A new security flaw within Intel CPU’s, some as old as 10 years old, has been found. The flaw affects all operating systems, including Linux, MacOS, and Windows. A fix for the flaw has been in the works for Windows since November. Current updates look to impose a 5-30% performance hit on the processors. AMD processors do not have this flaw. Incidentally, AMD stocks are rising while Intel is dropping.
As for the details of the flaw? I’ll let the experts explain it, as they can do a much better job.
Crucially, these updates to both Linux and Windows will incur a performance hit on Intel products. The effects are still being benchmarked, however we’re looking at a ballpark figure of five to 30 per cent slow down, depending on the task and the processor model. More recent Intel chips have features – such as PCID – to reduce the performance hit. Your mileage may vary.
Update: Intel has put out a press release, mentioning that it may not be limited to just Intel CPU’s and may include AMD and ARM CPU’s as well. Still no confirmation on the impact with the other vendors or how vulnerable they are, but according to Intel it may be an issue.
Intel and other technology companies have been made aware of new security research describing software analysis methods that, when used for malicious purposes, have the potential to improperly gather sensitive data from computing devices that are operating as designed. Intel believes these exploits do not have the potential to corrupt, modify or delete data.
Recent reports that these exploits are caused by a “bug” or a “flaw” and are unique to Intel products are incorrect. Based on the analysis to date, many types of computing devices — with many different vendors’ processors and operating systems — are susceptible to these exploits.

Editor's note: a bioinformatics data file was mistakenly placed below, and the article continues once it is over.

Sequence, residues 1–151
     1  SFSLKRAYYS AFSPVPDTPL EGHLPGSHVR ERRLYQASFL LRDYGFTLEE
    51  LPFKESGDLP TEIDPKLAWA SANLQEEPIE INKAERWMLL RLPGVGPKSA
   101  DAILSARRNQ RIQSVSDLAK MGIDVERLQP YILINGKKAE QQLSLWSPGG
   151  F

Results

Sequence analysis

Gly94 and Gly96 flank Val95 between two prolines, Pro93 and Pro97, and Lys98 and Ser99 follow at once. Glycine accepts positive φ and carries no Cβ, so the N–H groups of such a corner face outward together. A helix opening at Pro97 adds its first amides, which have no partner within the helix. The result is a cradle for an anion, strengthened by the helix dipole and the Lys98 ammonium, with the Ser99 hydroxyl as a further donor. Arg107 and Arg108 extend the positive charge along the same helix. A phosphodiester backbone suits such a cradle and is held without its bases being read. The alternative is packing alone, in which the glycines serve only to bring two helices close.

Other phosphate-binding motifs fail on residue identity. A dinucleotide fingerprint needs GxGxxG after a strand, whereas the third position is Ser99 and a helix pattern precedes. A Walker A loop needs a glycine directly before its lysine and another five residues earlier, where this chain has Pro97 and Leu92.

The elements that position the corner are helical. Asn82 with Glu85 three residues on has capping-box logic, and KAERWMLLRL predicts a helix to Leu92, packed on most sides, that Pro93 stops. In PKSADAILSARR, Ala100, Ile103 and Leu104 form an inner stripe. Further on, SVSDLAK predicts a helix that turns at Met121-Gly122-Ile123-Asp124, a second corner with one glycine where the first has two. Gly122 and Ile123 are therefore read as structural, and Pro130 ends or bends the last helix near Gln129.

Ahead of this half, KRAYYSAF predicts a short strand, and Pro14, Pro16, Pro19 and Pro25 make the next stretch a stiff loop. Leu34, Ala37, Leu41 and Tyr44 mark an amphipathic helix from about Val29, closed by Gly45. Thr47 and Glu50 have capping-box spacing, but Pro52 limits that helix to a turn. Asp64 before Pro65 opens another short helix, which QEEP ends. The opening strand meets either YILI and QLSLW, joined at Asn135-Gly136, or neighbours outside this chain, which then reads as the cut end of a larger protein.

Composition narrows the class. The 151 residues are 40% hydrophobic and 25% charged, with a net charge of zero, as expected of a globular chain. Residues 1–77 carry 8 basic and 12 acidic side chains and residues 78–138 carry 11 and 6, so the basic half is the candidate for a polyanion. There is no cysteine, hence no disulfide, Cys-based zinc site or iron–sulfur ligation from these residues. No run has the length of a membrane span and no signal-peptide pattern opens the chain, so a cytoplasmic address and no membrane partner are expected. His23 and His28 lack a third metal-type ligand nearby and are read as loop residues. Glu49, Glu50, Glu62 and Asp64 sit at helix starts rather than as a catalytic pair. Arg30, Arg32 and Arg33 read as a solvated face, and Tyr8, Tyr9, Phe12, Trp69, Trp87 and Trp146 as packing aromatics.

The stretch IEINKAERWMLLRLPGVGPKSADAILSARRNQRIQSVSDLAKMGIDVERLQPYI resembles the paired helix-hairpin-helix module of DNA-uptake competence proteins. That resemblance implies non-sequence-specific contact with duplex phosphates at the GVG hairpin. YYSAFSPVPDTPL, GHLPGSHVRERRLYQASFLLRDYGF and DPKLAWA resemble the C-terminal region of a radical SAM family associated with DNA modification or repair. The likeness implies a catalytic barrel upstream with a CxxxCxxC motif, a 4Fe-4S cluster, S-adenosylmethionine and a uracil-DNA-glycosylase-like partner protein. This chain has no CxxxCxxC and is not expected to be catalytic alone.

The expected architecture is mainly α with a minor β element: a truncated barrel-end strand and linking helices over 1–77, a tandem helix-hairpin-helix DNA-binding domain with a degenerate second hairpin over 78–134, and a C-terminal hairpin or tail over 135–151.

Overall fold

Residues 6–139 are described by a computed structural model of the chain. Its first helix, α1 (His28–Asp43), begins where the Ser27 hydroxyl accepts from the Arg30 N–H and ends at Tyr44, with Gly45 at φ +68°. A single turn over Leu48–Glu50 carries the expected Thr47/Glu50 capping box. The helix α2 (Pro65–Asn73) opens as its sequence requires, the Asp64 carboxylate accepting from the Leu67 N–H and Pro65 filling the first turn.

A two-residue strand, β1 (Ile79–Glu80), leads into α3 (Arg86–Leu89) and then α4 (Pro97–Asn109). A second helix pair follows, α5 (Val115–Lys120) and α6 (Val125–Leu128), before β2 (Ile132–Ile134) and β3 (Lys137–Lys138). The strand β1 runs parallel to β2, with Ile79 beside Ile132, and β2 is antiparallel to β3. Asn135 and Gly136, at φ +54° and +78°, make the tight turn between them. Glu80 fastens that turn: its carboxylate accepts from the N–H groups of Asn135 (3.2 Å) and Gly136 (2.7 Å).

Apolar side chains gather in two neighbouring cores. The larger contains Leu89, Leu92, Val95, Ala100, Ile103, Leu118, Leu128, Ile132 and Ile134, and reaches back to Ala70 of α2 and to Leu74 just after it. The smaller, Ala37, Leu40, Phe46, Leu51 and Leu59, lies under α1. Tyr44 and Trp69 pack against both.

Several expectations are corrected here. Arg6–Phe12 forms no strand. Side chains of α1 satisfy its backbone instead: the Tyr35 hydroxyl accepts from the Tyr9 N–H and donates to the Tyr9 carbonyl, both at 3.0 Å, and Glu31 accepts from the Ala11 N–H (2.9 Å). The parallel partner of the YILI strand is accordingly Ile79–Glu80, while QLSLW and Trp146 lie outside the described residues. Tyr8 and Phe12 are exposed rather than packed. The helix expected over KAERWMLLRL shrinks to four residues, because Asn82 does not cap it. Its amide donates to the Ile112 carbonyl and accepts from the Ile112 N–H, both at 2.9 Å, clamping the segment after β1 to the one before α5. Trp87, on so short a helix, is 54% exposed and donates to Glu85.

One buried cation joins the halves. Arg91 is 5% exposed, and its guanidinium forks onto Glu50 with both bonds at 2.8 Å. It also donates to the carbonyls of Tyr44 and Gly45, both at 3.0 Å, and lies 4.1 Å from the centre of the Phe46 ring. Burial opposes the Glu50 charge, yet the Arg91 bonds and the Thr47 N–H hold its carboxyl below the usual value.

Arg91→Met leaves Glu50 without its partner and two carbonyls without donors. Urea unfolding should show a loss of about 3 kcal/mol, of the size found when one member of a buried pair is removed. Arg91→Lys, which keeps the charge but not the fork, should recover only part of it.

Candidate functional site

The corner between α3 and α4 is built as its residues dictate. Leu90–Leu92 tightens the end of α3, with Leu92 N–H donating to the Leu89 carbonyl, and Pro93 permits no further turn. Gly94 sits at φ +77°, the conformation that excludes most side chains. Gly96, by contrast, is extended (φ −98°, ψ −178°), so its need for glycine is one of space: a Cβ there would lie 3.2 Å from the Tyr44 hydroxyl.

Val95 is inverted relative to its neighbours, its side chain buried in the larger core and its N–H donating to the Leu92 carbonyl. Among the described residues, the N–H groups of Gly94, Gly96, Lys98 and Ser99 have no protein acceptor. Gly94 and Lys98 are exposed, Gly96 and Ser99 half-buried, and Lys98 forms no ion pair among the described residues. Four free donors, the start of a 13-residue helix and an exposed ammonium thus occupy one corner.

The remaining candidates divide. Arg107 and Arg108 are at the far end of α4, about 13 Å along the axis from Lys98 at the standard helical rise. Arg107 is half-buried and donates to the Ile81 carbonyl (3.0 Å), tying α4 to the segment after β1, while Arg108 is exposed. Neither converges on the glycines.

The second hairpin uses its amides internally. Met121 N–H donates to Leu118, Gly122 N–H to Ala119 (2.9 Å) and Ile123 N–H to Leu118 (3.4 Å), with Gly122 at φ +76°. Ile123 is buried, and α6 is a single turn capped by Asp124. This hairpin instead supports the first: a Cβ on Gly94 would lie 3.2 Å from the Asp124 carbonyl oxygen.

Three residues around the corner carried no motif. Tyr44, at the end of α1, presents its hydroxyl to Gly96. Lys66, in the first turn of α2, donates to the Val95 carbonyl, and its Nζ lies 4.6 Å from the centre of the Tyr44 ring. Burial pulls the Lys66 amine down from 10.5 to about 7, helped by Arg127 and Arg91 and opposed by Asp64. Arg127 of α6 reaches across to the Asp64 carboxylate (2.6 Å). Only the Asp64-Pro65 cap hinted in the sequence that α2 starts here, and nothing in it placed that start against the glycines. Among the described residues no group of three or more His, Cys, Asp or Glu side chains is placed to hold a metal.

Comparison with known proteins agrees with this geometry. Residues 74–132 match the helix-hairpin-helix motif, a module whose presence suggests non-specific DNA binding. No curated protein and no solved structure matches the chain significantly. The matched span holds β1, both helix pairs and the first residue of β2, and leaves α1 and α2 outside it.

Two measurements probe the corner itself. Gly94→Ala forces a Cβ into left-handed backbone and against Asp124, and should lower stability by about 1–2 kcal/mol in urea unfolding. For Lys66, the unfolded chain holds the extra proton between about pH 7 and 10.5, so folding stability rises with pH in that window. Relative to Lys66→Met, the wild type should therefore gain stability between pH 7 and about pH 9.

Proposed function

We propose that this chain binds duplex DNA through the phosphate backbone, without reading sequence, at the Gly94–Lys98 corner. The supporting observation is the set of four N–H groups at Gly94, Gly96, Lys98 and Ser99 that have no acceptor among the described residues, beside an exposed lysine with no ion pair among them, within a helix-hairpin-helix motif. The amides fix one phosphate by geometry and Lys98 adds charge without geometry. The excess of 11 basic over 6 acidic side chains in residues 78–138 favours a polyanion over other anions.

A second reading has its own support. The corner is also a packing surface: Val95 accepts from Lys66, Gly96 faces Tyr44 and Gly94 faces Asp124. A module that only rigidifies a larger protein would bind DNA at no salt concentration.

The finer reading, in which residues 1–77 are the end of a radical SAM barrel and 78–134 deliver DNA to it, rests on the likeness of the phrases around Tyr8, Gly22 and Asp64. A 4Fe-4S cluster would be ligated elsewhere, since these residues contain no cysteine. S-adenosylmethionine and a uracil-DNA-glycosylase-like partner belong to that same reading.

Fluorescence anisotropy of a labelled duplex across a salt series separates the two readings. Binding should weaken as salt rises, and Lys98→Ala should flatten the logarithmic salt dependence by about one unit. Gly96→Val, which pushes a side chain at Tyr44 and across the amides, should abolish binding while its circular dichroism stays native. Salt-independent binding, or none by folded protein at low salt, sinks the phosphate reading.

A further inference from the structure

Intel is committed to product and customer security and is working closely with many other technology companies, including AMD, ARM Holdings and several operating system vendors, to develop an industry-wide approach to resolve this issue promptly and constructively. Intel has begun providing software and firmware updates to mitigate these exploits. Contrary to some reports, any performance impacts are workload-dependent, and, for the average computer user, should not be significant and will be mitigated over time.
Intel is committed to the industry best practice of responsible disclosure of potential security issues, which is why Intel and other vendors had planned to disclose this issue next week when more software and firmware updates will be available. However, Intel is making this statement today because of the current inaccurate media reports.
Check with your operating system vendor or system manufacturer and apply any available updates as soon as they are available. Following good security practices that protect against malware in general will also help protect against possible exploitation until updates can be applied.
Intel believes its products are the most secure in the world and that, with the support of its partners, the current solutions to this issue provide the best possible security for its customers.
Update 2: There seems to be some confusion between multiple processor flaws that have recently been released. This site has a lot more information on both of them.
Meltdown and Spectre exploit critical vulnerabilities in modern processors. These hardware bugs allow programs to steal data which is currently processed on the computer. While programs are typically not permitted to read data from other programs, a malicious program can exploit Meltdown and Spectre to get hold of secrets stored in the memory of other running programs. This might include your passwords stored in a password manager or browser, your personal photos, emails, instant messages and even business-critical documents.
Update 3: AMD has released a statement showing that their CPU’s are not vulnerable to the Intel CPU flaw.
To be clear, the security research team identified three variants targeting speculative execution. The threat and the response to the three variants differ by microprocessor company, and AMD is not susceptible to all three variants. Due to differences in AMD’s architecture, we believe there is a near zero risk to AMD processors at this time.
Update 4: Microsoft has released an out-of-band patch for Windows 10 in KB4056892. Should come through in automatic updates.
January 2018 Security Updates
Release Date: January 03, 2018
The January security release consists of security updates for the following software: